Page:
On the field or in the media, sports teams stand in for their respective colleges and places — and states, conferences, or regions. Tuesday night, following the Orange Bowl, a sportscaster asked the quarterback of Iowa what it meant to him to represent mid-America. Bowl games still offer intriguing contests between teams from different regions that don’t normally play each other.

The regular college sports season revolves primarily around teams playing other colleges within their respective conferences, which are mostly regional groupings of schools. The reason for the proximity is practical: less travel time and expense for teams and fans (mostly students). I suppose having regional rivals also means enough familiarity to develop “healthy competition” (i.e., acceptable levels of contempt). The conference name often reflects the region: Southeastern Conference, Mountain West, Pac-10.

Now look at this through another lens. Regional affiliations means that the schools may share landscapes or other connections through nature.

I looked at some regional maps (here) of NCAA or other athletic conferences and then compared them with these maps of ecological regions. Some possible relationships:

  • The Pac-10 and Atlantic Coast Conferences link universities along major flyways and migration routes.
  • The Ohio Valley, Big South, and Ivy League conferences share watersheds or ecoregions.
  • The universities of the Big 12 cover the breadth of the Great Plains.

Image from EPA/Commission for Environmental Cooperation

Beyond the green campus

As American society becomes more urbanized and life more media-saturated, what’s the role of the university in fostering a land or nature ethic?

Undoubtedly, college campuses across the nation are hotbeds of “sustainability.” Students are concerned about their future and what to contribute to a better world. The “green campus” seems to emphasize energy and resources, or operations and planning. These are important changes that can be made. Beyond that, what are the complements to becoming “carbon neutral” in the educational mission of the university?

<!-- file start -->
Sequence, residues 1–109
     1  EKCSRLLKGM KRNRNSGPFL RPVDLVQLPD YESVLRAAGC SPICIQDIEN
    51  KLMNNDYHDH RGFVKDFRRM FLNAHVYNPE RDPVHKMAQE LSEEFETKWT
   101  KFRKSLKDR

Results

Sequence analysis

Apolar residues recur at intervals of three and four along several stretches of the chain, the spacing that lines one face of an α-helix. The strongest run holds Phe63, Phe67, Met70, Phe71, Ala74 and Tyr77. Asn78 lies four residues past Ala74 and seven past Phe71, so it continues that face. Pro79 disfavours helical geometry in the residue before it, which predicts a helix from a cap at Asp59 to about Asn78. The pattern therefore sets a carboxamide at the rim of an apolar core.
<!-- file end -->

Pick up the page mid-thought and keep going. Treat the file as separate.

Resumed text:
The crux of making the transition to sustainability is large scale behavior change. Policy and regulation are essential tools, as are technological advances, but systemic change may ultimately reflect new patterns of individual and social behavior. Is there a concurrent push to educate and develop residents, community members, and decision-makers who are ecologically aware — not simply to emit less CO2, but also to act in greater alignment with the natural systems that support our world?

How might these institutions of higher learning take the regional relationships of competition and develop corresponding relationships of cooperation to

  • foster a higher level of awareness of natural systems
  • inculcate within students a greater appreciation of place and context, especially where young adults may spend four years

College education represents an important transitional phase for young adults — as much about social relationships and networks, growth and distraction, as it is about books. But writ large, it is about finding a place in the world.

Today’s institutions of higher learning introduce students to a broader horizons of time and space. In a sense, though, “higher education” tends towards ways of understanding that are more abstracted, more disciplined, less experiential, certainly less outdoors. The community of scholars usually has more in common with other similarly disciplined individuals scattered across the globe than with the world across the street, along the river, in the valley. But as some have observed, even in the era of globalization, the world isn’t really flat; it is made of people living in places.

Especially in today’s culture, a student may spend two or four years on a campus without developing any real connection to or awareness of the natural world. The Leave No Child Inside movement, led by Children and Nature, takes on “nature deficit disorder” at a formative age. Some projects, such as Classroom Earth, focus on high school students.